CJW: Welcome back, and thanks for joining us for another issue. If you like what we do and want to support us, there are a couple of paid subscription options:
Both give you access to the full bonus archive, as well as new bonuses as they are posted. Another thing you can do to help spread the word is forward this email to someone you think might enjoy it.
The latest bonus was one of mine, on depressions and related subjects:
I sent a teaser out but wrongly assumed that Buttondown would mark it as a teaser, so if you’re wondering why you received an oddly truncated email, that’s why. The full bonus is above, locked for paid subscribers.
Daniel Harvey (DCH) - Designer, writer, provocateur. Pro-guillotine tech critic. @dancharvey
Marlee Jane Ward (MJW) - is also Mia Walsch. Writer, apocalypse witch, goth aunt.
Corey J. White (CJW) - Author, podcaster, sin-eater.
Lidia Zuin (LZ) - Journalist, MA in semiotics, and PhD in Arts. Sci-fi writer, futurology researcher and essayist. @lidiazuin
CJW: Zero Emissions Isn’t Enough. We Need Climate Repair. - Andrew Dana Hudson at Jacobin
As socialists, we should be committed to not just stopping capitalist degradation of the environment but to providing a safe and stable planet for generations to come. As such, we have to stop thinking that the job will be done when emissions are ended.
Swift and deep decarbonization, the epochal transition of the human civilization off fossil-fuel energy to sources that don’t endanger our lives and planet, is only step one. We should start planning for and demanding a second civilizational project to follow: climate repair.
Friend and former newsletter guest Andrew Dana Hudson on our need to move beyond current climate plans and actively work to repair the damage already done.
We must argue and organize for carbon removal that occurs in addition to radical cuts in emissions, rather than instead of.
Capitalists will be eager for an either/or that allows them to get away with doing neither. To combat this, we need to co-opt carbon capture from the Left.
I found this piece to be quite encouraging, which is also why I enjoy collaborating with Andrew on stories - his positivity and hope for the future can easily outweigh my pessimism, and it’s backed-up by the research he does in the field.
DCH: Heatwave in China is the most severe ever recorded in the world by Michael La Page at The New Scientist
On 18 August, the temperature in Chongqing in Sichuan province reached 45°C(113°F), the highest ever recorded in China outside the desert-dominated region of Xinjiang. On 20 August, the temperature in the city didn’t fall below 34.9°C(94.8°F), the highest minimum temperature ever recorded in China in August. The maximum temperature was 43.7°C (110.7°F).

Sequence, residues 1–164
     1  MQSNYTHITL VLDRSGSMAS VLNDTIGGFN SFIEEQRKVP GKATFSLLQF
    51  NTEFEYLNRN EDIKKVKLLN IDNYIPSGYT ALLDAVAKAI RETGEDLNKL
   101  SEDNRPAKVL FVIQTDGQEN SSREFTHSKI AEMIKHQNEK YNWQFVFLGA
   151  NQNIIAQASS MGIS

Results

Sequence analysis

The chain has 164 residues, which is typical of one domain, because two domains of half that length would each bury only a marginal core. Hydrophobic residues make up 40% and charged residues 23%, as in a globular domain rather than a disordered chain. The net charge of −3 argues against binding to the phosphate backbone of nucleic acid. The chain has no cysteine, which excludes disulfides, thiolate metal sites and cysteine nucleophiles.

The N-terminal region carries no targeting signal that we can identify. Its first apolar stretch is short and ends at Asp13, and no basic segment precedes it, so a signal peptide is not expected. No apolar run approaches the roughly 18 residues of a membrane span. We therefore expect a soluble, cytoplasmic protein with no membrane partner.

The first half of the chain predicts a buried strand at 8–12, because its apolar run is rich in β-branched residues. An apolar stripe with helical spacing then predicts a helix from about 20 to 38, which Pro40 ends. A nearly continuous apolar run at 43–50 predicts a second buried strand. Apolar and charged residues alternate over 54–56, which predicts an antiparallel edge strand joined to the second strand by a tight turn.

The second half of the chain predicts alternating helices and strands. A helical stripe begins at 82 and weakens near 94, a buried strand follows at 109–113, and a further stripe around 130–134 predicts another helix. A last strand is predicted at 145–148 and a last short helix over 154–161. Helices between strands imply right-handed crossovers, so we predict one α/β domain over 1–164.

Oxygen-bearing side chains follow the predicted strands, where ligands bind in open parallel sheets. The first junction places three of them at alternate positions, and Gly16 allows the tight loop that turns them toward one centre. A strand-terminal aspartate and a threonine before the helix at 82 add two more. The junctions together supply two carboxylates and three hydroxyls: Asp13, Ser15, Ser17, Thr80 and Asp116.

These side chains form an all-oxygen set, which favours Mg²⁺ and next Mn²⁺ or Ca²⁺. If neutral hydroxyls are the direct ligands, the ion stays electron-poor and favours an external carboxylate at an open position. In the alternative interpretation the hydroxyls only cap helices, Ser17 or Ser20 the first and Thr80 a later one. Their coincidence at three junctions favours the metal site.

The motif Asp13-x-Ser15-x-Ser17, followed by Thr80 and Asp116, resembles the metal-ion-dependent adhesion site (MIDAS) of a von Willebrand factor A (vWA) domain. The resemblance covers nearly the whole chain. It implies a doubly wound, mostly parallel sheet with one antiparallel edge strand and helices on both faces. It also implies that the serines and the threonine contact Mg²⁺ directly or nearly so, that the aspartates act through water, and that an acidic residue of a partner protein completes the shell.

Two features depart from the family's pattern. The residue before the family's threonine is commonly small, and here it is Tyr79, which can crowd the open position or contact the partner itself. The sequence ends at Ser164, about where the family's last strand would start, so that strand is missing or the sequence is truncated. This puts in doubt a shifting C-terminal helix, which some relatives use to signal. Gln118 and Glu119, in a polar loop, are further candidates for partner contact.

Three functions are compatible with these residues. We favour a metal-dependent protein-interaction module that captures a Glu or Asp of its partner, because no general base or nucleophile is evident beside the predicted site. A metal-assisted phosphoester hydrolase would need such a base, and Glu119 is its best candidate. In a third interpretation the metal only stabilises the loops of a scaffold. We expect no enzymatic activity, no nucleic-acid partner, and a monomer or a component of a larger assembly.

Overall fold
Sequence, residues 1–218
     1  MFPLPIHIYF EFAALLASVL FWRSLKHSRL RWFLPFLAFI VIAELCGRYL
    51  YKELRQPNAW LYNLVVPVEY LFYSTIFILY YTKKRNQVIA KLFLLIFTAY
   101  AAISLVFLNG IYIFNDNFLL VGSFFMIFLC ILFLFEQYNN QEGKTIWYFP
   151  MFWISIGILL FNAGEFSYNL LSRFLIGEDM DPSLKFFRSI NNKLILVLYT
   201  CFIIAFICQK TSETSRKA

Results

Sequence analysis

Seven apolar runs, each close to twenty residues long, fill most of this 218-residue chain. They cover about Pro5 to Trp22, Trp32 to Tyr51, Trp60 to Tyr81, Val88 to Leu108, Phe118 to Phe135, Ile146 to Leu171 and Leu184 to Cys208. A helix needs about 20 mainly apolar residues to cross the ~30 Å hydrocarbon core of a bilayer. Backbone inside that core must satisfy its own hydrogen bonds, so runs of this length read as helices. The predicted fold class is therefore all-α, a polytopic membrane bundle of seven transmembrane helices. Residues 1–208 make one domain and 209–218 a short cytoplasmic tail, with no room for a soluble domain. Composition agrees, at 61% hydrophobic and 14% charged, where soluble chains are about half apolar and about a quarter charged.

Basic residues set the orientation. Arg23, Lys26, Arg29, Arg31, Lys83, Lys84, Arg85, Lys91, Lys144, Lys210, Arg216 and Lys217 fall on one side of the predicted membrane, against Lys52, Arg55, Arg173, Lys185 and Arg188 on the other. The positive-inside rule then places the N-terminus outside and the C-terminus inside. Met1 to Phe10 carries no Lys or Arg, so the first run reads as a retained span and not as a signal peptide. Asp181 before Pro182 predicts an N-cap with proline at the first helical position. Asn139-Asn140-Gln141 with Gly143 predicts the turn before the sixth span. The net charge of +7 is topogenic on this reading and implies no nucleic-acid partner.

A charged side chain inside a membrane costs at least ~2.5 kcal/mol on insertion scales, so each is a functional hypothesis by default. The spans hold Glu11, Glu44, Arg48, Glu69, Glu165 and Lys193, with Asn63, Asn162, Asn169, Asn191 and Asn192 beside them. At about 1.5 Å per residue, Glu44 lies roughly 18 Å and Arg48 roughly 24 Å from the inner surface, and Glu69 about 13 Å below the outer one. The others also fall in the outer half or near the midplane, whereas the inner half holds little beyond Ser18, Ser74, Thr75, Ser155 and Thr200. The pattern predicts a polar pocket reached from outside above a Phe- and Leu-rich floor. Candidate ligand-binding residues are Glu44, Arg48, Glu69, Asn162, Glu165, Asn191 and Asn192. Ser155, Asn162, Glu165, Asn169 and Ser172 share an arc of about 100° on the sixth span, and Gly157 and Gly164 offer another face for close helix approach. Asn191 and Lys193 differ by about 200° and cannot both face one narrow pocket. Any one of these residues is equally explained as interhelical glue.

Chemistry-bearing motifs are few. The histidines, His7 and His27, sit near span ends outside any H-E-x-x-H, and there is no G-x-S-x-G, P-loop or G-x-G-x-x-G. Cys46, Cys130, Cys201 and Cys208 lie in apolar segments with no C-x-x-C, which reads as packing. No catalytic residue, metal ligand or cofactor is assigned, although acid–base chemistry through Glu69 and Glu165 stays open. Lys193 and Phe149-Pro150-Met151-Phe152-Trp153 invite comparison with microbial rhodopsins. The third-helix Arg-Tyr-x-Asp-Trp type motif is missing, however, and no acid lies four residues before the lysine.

Jesus fucking Christ that’s hot. Fuck.
DCH: The Sandstorms in Beijing by Mimi Jiang at The London Review of Books
China has been combating desertification for more than four decades. Since 1978 the National Forestry and Grasslands Administration has been planting poplars across a vast area of the Northwest, North and Northeast to hold back the encroaching Gobi. The Three-North Shelter Forest Programme, or Great Green Wall, claims to be the largest eco project on the planet. The trees hold the earth and resist the wind, though there are concerns about the lack of biodiversity and the amount of groundwater the poplars absorb. There is also another slight nuisance: every March and April, they shed huge amounts of pollen (‘spring snow’), which a lot of people are allergic to, though this has been less of a problem during the pandemic since everyone started wearing masks.
We often hear about China’s climate excesses. The Great Green Wall sounds like a noble, albeit with flaws, effort to do some good.
Environmental Protests Work — That’s Why Australian Governments Are Banning Them - Lyndal Rowlands at Jacobin
The Front Lines of the End of the World — and the Fight to Save the Amazon - Andrew Fishman at The Intercept
Why Is Pakistan Drowning and China Drying? Tomas Pueyo at Uncharted Territories
The Disaster Consultants - Nicole Wetsman at The Verge
This Hot Summer Is One of the Coolest of the Rest of Our Lives - Andrea Thompson at Scientific American
Ethereum’s “Merge” is about to put every ether miner out of work by Timothy B. Lee Ars Technica
CJW: Facebook Tells Moderators to Allow Graphic Images of Russian Airstrikes but Censors Israeli Attacks - Sam Biddle and Alice Speri at The Intercept
Like other American internet companies, Meta responded to the invasion by rapidly enacting a litany of new policy carveouts designed to broaden and protect the online speech of Ukrainians, specifically allowing their graphic images of civilians killed by the Russian military to remain up on Instagram and Facebook.
No such carveouts were ever made for Palestinian victims of Israeli state violence — nor do the materials show such latitude provided for any other suffering population.
Is anyone surprised?
Though the majority of users on social platforms owned by Meta live outside the United States, critics charge that the company’s censorship policies, which affect billions worldwide, tidily align with U.S. foreign policy interests.
It makes sense, but also reinforces that unless you’re happy with the current Team America: World Police situation, you should not be getting your news from Facebook. (But you already know that, which is why you’re reading this.)
CJW: How Arab states perceive the US-China standoff - Mohammad Salami at The Cradle
Indeed, Beijing’s West Asia policy is to practice non-interference in the political affairs of the region’s countries. Arab nations, in particular, find it more agreeable to gain China’s economic and technical assistance without being forced to reform their political systems in response to selective and inconsistent western ‘humanitarian’ concerns.